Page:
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This article highlights the pickle that Democrats find themselves in over the Kavanaugh nomination. At one point, the article states “White House officials contend the Supreme Court was a powerful motivator for Republican base voters in 2016, when Trump won the White House, and they’re seeking to capitalize on Kavanaugh’s confirmation to help overcome an enthusiasm gap with Democrats. Likewise, a vote for Kavanaugh by either Tester or Heitkamp could frustrate their Democratic base eager for a more confrontational approach to the Trump administration.”

With the Democrats’ base getting crazier with each primary, the Democrats are in a difficult spot. Do they do the right thing and listen to their constituents? Or do they pander to the progressive extremists that fund their campaigns? If I was advising them, I’d advise them to take a centrist approach and tell the extremists to take a hike. I’d rather have the votes than the campaign cash. It isn’t that complicated.

“It’s a real pickle,” said GOP strategist Josh Holmes. “There is no question that all of these red-state Democrats would prefer to have an extremely quiet experience when it comes to the consideration of Kavanaugh,” he said. “They don’t want to upset leadership and the liberal base that’s funding their campaigns, but the voters who control their fate are overwhelmingly in favor of Kavanaugh.”

The problem for these Democrats is that President Trump intends on making this a loud rambunctious election issue. If they vote against Kavanaugh, they’ll lose. In fact, I’d argue that they’re already likely to lose since they both voted against the Trump/GOP tax cuts. That issue hasn’t been exploited — yet — but it soon will.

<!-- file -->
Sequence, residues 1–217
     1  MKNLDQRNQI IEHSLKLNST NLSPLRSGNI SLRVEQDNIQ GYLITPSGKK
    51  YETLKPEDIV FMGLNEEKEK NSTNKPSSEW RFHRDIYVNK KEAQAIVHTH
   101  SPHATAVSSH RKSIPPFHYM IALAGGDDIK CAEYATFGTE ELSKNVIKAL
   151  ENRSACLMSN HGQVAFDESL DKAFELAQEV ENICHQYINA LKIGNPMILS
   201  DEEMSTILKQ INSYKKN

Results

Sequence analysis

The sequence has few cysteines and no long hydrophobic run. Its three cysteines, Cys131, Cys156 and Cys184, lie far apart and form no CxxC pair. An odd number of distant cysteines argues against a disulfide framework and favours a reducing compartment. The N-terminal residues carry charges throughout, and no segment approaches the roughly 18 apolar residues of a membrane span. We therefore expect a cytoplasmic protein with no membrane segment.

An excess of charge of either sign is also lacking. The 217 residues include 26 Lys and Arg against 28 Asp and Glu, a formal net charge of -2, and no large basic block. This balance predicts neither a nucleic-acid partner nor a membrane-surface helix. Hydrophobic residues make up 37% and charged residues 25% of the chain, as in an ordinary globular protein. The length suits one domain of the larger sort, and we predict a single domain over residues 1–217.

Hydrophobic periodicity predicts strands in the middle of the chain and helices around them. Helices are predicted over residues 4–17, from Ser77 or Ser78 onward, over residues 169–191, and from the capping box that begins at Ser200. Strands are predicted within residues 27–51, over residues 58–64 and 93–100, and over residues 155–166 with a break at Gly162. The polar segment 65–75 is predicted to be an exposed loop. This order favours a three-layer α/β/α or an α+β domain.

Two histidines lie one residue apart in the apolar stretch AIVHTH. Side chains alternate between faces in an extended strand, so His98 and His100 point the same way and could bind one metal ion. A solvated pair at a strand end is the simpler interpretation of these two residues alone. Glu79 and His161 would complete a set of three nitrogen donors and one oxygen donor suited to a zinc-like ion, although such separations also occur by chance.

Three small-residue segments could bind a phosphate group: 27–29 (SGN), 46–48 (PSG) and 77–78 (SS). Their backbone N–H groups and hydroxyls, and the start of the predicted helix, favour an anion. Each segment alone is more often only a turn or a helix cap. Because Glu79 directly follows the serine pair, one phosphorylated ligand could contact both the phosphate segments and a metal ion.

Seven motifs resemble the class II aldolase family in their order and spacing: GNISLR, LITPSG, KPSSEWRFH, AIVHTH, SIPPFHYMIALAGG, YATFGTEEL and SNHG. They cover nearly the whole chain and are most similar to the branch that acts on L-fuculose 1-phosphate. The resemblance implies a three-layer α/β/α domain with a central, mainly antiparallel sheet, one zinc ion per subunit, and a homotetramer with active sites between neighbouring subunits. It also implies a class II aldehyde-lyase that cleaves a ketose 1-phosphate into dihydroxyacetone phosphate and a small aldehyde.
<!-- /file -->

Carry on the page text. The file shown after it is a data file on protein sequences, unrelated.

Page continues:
Democrats question whether the Kavanaugh vote will resonate in the race to unseat Tester, the Big Sandy farmer who has emphasized his independence and willingness to cross the partisan aisle to work with the president, who carried Montana by 20 percentage points two years ago.

“It’s not like you’re standing in the grocery store line and people are talking about the Kavanaugh confirmation. It’s pretty inside baseball for folks,” said Barrett Kaiser, a Montana-based Democratic strategist who advised former Sen. Max Baucus, D-Mont. Kaiser said Tester had demonstrated a “proven bipartisan record of working with this administration when it helps Montana and oppose them when it doesn’t.”

That’s BS. In Tester’s case, he’s already voted against Justice Gorsuch and the Trump/GOP tax cuts. If he votes against confirming Judge Kavanaugh, what type of chance will he have of convincing Montanans that he’s a bipartisan on the issues that matter most? I’m betting that chance drops precipitously. Just watch this rally, then tell me that Trump isn’t inspiring new voters:

Heitkamp and Tester might as well vote against Kavanaugh. It isn’t like they’ve got a great chance of winning this November.

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